n this essay I will be discussing the ways in which films are produced and distributed to targeted British audiences. I will be focusing on my case studies which are Twentieth Century Fox and BBC Films. BBC Films are an independent film company, which are a branch of the BBC and often relies upon funding (such as from the UKFC to produce and distribute films). Twentieth Century Fox in contrast, is a major production conglomerate, which has a great deal more money in order to produce and distribute large budget films.
Twentieth Century Fox produced and distributed Avatar (directed by James Cameron, 2009) which became the highest grossing film of all time ($2.8 billion), beating the previous record of Titanic (also directed by James Cameron and produced by Twentieth Century Fox). Avatar was first conceptualised 15 years ago, but Cameron had to wait for the technology to develop in order to realise his vision. With a budget of $237 million, Avatar would become an epic production feat, unlike any other film prior.
Avatar relied heavily on cross media convergence and synergy in its production. Twentieth Century Fox worked with WETA and numerous other studios to help them with developing 3D technology. For example, they developed the fusion camera which allowed them to motion capture the actors and then view it immediately as CGI. This was a very expensive and time consuming process initially because they needed to learn how to use the camera and develop skills in using it. However, in the long run, it was good for other films as they can now use the same technology. Sigourney Weaver liked the new technology because she could be any species and it gave her freedom to be whatever species she wanted to be. This contrasts with general opinion that CGI eradicates the need for actors. Actually, what it does is enhance actors and in cases eradicate the need for costly extras in epic films like Avatar. Using technology like this means, like within in the invented world of Pandora, Cameron could literally create his own world completely from scratch. Instead of having to spend hours building the set, lighting the set and applying make up to the actors, it could all be achieved through CGI effects, which ultimately is more time and cost effective.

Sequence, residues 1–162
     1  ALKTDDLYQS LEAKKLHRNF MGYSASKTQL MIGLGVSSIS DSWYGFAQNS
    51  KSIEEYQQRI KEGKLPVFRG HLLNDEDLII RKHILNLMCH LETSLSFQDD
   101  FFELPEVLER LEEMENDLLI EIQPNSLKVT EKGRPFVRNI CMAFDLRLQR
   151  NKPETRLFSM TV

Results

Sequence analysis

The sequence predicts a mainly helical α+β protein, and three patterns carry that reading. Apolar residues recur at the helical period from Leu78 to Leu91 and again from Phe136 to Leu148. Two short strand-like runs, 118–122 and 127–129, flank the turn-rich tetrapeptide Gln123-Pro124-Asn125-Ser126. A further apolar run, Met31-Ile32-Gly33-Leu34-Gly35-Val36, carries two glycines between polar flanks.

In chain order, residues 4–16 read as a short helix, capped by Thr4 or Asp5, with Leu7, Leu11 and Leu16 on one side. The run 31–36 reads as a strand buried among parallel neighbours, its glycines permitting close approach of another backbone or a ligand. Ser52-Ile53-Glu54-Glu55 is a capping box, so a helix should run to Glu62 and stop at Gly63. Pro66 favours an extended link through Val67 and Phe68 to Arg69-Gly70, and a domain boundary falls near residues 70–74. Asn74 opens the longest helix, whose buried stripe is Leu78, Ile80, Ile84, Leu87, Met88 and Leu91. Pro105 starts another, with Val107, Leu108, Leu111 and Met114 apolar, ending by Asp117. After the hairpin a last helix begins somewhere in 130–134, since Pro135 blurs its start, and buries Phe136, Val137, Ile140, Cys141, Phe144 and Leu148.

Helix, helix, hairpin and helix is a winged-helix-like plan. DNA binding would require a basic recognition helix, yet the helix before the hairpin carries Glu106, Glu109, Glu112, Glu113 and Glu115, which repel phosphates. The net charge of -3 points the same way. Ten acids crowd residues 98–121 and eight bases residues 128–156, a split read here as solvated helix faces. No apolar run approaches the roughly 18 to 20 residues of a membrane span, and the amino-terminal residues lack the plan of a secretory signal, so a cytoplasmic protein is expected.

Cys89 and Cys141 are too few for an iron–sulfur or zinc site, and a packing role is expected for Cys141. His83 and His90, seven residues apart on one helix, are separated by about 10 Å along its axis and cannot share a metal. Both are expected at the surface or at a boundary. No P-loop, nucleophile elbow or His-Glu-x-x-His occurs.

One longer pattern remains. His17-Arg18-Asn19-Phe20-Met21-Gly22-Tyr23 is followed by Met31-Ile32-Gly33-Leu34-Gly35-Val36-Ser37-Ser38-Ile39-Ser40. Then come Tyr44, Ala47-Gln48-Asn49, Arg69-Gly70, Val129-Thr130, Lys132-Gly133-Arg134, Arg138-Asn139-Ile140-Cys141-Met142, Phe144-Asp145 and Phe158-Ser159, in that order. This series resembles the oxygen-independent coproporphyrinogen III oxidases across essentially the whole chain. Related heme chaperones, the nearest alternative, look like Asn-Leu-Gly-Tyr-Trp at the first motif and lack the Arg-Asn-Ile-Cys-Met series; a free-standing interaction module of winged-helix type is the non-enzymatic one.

Because Twentieth Century Fox is a mainstream major film company they can afford to let directors experiment with the film making process in the way Cameron did. They can afford to take huge risks because they have a strong success rate in high grossing movies (such as Star Wars and X Men). They are able to accelerate visual effects technology and potentially reinvent the way in which films are made.
Firstly, there are a lot of issues raised in contemporary media practice. One major issue is dominance. Major companies like Twentieth Century Fox which both produced and distributed the film Avatar (2009). As it can do both of these, not only for Avatar, there is a danger of this major company dominating in cinema in the near future which could have a major impact on the audience. As Twentieth Century Fox targets and appeals to a mass audience, they will, in a way, condition their whole audience into having the same ideology as them. Similarly, contemporary issues with people such as Rupert Murdoch highlight another danger of dominating the media world. If this happens, potentially it could be very dangerous to a wide range of audiences as it will change their views. This is called The Hypodermic Needle theory which is a theory that if a company or person has dominance over a mass of people then the public/audience will just take it and ‘follow the crowd’. A major issue with Brighton Rock (2011), BBC films, was money and audience reception. The budget for Brighton Rock was £6million and their gross profit (to date) is £1 million. This is a huge loss for BBC films and Optimum releasing. Audience reception was also an issue raised because not many people actually knew about the film. This...
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